Worth A Look: 24%
Pretty Bad: 0%
Total Crap: 0%
5 reviews, 45 user ratings
|Raising Victor Vargas
by Collin Souter
There’s a moment in “Raising Victor Vargas” where the film’s titular hero buys a toy figure that pops out of a gumball machine for the woman he has fallen in love with. It’s a small action figure that happens to be in a wheelchair. “This dude is in a wheelchair,” she says with slight disappointment. “No,” he says. “This is one of the good guys. This is a dude on wheels.” The scene says a lot about how people view Victor Vargas, an Hispanic teenager living in New York’s Lower East Side, and how Victor sees himself in terms of his relationship to women. Emotionally handicapped, but sure of himself nonetheless. It’s all in the way you look at things, I guess.“Raising Victor Vargas” tells the story of Victor (Victor Rasuk) and his family, which consists of himself, his teenage younger brother Nino (real-life brother Silvestre Rasuk), their pre-teen half-sister Vicki (Melonie Diaz) and their ever-watchful and protective Grandma (Altagracia Guzman) and how each one’s coming of age brings chaos and disorder to the family unit. Or at least, that’s how Grandma sees it. Directed by first-timer Peter Sollett, the movie has a fresh, vibrant feel to it that gives its characters room to breathe and be themselves. The best part: Nobody wears out their welcome.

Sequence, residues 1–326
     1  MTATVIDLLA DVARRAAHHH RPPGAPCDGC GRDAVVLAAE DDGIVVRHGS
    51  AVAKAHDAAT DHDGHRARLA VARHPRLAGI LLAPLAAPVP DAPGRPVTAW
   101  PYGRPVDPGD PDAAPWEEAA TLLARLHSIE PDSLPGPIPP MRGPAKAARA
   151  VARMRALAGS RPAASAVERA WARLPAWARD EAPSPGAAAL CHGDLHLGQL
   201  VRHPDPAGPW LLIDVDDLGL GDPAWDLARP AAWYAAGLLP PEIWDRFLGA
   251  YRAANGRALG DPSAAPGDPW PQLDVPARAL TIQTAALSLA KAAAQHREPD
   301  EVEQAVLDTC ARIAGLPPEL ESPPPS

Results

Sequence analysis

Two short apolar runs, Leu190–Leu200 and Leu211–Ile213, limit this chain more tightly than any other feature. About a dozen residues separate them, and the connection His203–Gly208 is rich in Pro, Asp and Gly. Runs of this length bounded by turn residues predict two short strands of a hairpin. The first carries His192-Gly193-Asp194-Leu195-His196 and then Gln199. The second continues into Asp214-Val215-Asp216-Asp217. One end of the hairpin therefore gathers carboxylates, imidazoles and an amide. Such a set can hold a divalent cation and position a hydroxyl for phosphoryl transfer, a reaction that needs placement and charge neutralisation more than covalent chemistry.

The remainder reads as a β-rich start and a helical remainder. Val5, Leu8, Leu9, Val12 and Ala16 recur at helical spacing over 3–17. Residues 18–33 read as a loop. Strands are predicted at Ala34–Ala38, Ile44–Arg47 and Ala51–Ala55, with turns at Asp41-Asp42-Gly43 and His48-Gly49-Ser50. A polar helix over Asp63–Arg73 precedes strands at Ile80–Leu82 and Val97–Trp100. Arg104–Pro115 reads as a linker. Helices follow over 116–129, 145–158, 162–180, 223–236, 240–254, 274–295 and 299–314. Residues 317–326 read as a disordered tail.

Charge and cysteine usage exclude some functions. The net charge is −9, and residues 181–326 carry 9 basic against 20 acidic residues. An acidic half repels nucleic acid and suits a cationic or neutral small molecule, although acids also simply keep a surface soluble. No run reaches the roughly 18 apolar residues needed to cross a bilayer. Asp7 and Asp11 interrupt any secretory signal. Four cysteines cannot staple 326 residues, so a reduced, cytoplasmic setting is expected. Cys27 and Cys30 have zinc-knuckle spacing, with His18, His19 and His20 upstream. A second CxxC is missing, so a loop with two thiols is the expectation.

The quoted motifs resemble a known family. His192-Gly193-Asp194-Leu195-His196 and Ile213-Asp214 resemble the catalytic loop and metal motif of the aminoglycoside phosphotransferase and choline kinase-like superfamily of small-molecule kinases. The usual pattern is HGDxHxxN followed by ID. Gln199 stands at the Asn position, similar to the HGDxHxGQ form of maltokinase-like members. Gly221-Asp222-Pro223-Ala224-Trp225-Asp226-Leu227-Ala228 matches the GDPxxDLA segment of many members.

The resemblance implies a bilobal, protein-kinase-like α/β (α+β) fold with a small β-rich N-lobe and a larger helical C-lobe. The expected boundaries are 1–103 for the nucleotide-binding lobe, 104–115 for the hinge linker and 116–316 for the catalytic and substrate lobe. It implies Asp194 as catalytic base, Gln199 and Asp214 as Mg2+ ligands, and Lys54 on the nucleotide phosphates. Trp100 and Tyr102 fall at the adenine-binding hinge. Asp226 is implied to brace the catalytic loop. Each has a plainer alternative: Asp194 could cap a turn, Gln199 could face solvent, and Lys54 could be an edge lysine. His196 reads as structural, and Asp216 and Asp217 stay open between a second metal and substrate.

"Real Men Have Flaws"
Victor Vargas is a teenager ready to lose his virginity, but a mis-hap that takes place early in the movie sends his reputation in the neighborhood on a downward spiral. Cursed as the guy who had sex with “the ugly fat chick,” Victor wants to redeem himself. He sets his sights on neighborhood beauty “Juicy” Judy (Judy Marte) and doesn’t hesitate to flex his charm when trying to ask her out. His best friend, meanwhile, asks out Judy’s best friend. Neither of them has an interest of either of these two guys.
But Judy has a younger brother, Carlos (Wilfree Vasquez) who has an interest in Victor’s younger sister, Vicki. Victor uses this to his advantage by helping the kid get a date with his sister so that Victor can get closer to Judy. Victor apologizes for coming on too strong to Judy and she accepts him, but only to use him to ward off the idiots who gawk at and harass her. “Think of him as bug spray,” she later justifies.